Eli Mishkin – lead vocals, guitar
Bryan Feuchtinger – bass, vocals
Elaine Acosta – drums
Chocolate milk, tight pants and a savvy wink of the eye are just a few toys in the Hot IQs bag of tricks. Add in just one year’s time since they first penned a song, and you’ve got the makings of one of Denver’s hippest pop indie bands. If you were to tell that to Elaine Acosta, their drummer, she would probably giggle at the “hip” portrayal. Eli Mishkin would also deny that persona and has through some cynical lyric lines. But the cool kids love ’em, from Denver to Los Angeles.
Having to deal with the pesky band name legality, the threesome retired the Royal We moniker for the new name Hot IQs, and released a new CD this week, An Argument Between the Brain and Feet, which is the first release on a brand new local label, Morning After Records. Having heard their previous demo, it only took 30 seconds or so to hear how the artistic quality has risen like a flooding river, going from the bedroom to the studio, polishing previous material into shining diamonds and adding new gems to the set. Even the CD artwork, created by their friend Kelsey Brookes, sports a smart, yet urban design.
From song to song, “Wendy” to “Have Nots Have Knots,” the chords are richer in texture, the emphasis of instrumentation has changed for the better, and they’ve even thrown in a few treats of vocoder and complex guitar work. Eli elaborated with me on how they’ve gone from 0 to 60 in the past six months.
Kaffeine Buzz: How was the experience of going from a self-made demo to the reality of all the ins-and-outs of recording and mixing?
Eli Mishkin: I found the whole process fascinating. The recording techniques, mic placements, tones, etc. Bryan (our bass player and owner of Uneven Studio) did a fantastic job recording the album. We mixed the songs with Andrew Vastola, and mastered it up in Boulder at Airshow Mastering. I can’t wait to do it all over again soon.
KB: “Hot IQs have quickly amassed an army of ‘too cool for school’ indie minions” was mentioned in your bio. I would agree with wholeheartedly after checking out your shows and hearing “Iggy Pop,” which actually takes a poke at that indie kid. That song was kind of kooky and very fun, but it seems like overall your music has a more serious (“The have-nots have knots in their bellies again”) yet “Ovaltine” nature. I still detect a bite of sarcasm of sorts, “if it wasn’t for language we’d make sense,” right? What’s going through your mind when you get inspired with a given song’s theme.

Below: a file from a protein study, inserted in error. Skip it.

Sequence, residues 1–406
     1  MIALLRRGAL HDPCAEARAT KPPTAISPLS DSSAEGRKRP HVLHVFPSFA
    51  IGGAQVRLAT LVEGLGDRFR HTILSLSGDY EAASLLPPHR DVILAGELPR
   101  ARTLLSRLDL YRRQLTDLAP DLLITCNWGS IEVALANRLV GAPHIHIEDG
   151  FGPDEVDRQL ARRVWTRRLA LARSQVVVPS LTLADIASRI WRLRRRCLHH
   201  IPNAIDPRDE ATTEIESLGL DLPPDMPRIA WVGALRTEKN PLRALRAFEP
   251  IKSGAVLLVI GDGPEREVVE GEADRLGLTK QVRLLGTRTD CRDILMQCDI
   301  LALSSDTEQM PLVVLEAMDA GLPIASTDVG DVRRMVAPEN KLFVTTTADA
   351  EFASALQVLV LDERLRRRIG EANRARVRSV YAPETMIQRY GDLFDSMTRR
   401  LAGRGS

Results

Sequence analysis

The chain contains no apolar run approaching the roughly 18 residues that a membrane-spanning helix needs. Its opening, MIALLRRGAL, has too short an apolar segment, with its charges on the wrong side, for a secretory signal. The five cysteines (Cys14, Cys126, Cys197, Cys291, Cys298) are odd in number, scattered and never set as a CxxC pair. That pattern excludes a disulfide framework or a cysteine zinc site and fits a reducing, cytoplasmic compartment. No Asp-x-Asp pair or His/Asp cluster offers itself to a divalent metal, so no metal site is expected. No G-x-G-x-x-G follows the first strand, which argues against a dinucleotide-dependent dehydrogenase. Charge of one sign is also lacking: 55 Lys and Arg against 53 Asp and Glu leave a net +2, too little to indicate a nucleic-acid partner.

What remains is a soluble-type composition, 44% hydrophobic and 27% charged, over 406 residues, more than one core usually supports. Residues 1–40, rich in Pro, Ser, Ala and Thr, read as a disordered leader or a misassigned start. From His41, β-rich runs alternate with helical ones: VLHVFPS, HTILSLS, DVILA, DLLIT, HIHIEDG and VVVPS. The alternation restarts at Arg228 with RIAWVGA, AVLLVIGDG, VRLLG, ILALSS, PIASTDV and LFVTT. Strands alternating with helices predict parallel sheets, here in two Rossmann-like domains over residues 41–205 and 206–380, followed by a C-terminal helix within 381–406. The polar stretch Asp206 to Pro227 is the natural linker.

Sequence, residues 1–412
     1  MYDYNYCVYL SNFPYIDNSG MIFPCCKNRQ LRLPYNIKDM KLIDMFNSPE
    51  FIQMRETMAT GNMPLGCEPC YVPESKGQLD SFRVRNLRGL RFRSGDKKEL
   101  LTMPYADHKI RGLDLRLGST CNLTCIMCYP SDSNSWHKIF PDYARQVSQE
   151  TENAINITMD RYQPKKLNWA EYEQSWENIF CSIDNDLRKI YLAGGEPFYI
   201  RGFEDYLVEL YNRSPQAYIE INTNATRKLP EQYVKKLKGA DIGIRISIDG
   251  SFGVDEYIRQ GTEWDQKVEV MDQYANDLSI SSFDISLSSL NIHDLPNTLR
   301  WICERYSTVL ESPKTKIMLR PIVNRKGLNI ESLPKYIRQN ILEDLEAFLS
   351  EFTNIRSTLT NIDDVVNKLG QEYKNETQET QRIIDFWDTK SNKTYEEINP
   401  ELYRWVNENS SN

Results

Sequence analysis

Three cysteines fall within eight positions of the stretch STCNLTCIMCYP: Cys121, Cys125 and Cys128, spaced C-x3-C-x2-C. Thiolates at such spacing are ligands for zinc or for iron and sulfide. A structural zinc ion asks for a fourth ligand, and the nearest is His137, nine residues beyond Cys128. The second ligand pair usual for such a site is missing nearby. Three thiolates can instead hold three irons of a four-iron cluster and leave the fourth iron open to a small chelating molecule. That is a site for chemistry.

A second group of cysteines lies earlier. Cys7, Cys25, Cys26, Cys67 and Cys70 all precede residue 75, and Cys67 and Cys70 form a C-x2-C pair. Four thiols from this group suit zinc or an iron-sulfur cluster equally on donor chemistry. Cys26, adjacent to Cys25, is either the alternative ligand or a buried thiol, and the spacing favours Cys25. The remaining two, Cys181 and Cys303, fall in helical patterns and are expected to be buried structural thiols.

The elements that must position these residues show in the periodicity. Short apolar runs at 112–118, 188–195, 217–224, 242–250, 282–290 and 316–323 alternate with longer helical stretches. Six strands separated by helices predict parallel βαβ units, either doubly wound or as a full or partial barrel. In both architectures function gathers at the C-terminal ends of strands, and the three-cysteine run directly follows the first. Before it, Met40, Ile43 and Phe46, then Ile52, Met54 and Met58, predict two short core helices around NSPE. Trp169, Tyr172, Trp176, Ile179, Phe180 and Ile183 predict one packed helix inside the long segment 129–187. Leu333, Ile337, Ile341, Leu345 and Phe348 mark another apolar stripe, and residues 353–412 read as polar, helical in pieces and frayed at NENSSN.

EM: There’s some sarcasm in the lyrics, sure. Snarkiness if you will. You know that feeling you get the split second before you fall asleep, the falling sensation? That’s when the lyrics pop into my head. I rush to go write them down. On the way to the light-switch I trip over the clutter in my room, stub my toe, bonk my head, split my lip. Perhaps this is the cause for the sometimes serious tone to the lyrics: the writing process causes so many bruises.
KB: There’s a deeper, brandy-steeped warmth to your voice on this album. Is it that the recording was able to better capture that quality than a venue’s sound system or have you been taking voice lessons?
EM: Actually, I just started singing when we started this band. So, a year and half or so? No formal training, no real talent. I’m pretty happy with how the vocals turned out on the album though. I think my voice has improved by playing out a lot and practicing. I m sure it couldn’t hurt to take a lesson or two, but they’d most likely tell me all the things I’m doing wrong.
KB: You guys have come quite a long way in just over a year, both musically and professionally. How has that process been and what has transpired for you guys personally and as a whole?